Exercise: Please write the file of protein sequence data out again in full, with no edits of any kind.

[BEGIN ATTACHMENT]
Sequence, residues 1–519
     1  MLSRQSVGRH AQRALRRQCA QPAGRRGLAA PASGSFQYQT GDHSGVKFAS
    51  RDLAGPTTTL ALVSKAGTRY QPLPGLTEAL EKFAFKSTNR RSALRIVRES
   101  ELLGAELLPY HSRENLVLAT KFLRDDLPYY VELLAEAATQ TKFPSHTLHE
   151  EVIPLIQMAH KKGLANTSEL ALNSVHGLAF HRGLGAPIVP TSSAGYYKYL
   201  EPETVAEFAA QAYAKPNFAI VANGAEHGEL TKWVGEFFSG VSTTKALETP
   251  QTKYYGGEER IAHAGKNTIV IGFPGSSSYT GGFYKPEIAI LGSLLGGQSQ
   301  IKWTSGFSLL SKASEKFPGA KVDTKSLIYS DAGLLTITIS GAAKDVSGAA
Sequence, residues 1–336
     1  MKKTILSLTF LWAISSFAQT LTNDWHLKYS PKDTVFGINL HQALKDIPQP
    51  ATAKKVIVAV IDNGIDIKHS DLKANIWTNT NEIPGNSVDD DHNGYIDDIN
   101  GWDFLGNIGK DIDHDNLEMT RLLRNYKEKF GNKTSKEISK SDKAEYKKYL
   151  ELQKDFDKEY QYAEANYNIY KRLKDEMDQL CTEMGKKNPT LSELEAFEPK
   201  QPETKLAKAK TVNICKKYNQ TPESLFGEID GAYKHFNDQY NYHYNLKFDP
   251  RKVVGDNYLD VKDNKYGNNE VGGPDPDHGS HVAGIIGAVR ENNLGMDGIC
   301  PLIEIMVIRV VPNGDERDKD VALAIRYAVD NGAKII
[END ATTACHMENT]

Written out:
Sequence, residues 1–519
     1  MLSRQSVGRH AQRALRRQCA QPAGRRGLAA PASGSFQYQT GDHSGVKFAS
    51  RDLAGPTTTL ALVSKAGTRY QPLPGLTEAL EKFAFKSTNR RSALRIVRES
   101  ELLGAELLPY HSRENLVLAT KFLRDDLPYY VELLAEAATQ TKFPSHTLHE
   151  EVIPLIQMAH KKGLANTSEL ALNSVHGLAF HRGLGAPIVP TSSAGYYKYL
   201  EPETVAEFAA QAYAKPNFAI VANGAEHGEL TKWVGEFFSG VSTTKALETP
   251  QTKYYGGEER IAHAGKNTIV IGFPGSSSYT GGFYKPEIAI LGSLLGGQSQ
   301  IKWTSGFSLL SKASEKFPGA KVDTKSLIYS DAGLLTITIS GAAKDVSGAA
Sequence, residues 1–336
     1  MKKTILSLTF LWAISSFAQT LTNDWHLKYS PKDTVFGINL HQALKDIPQP
    51  ATAKKVIVAV IDNGIDIKHS DLKANIWTNT NEIPGNSVDD DHNGYIDDIN
   101  GWDFLGNIGK DIDHDNLEMT RLLRNYKEKF GNKTSKEISK SDKAEYKKYL
   151  ELQKDFDKEY QYAEANYNIY KRLKDEMDQL CTEMGKKNPT LSELEAFEPK
   201  QPETKLAKAK TVNICKKYNQ TPESLFGEID GAYKHFNDQY NYHYNLKFDP
   251  RKVVGDNYLD VKDNKYGNNE VGGPDPDHGS HVAGIIGAVR ENNLGMDGIC
   301  PLIEIMVIRV VPNGDERDKD VALAIRYAVD NGAKII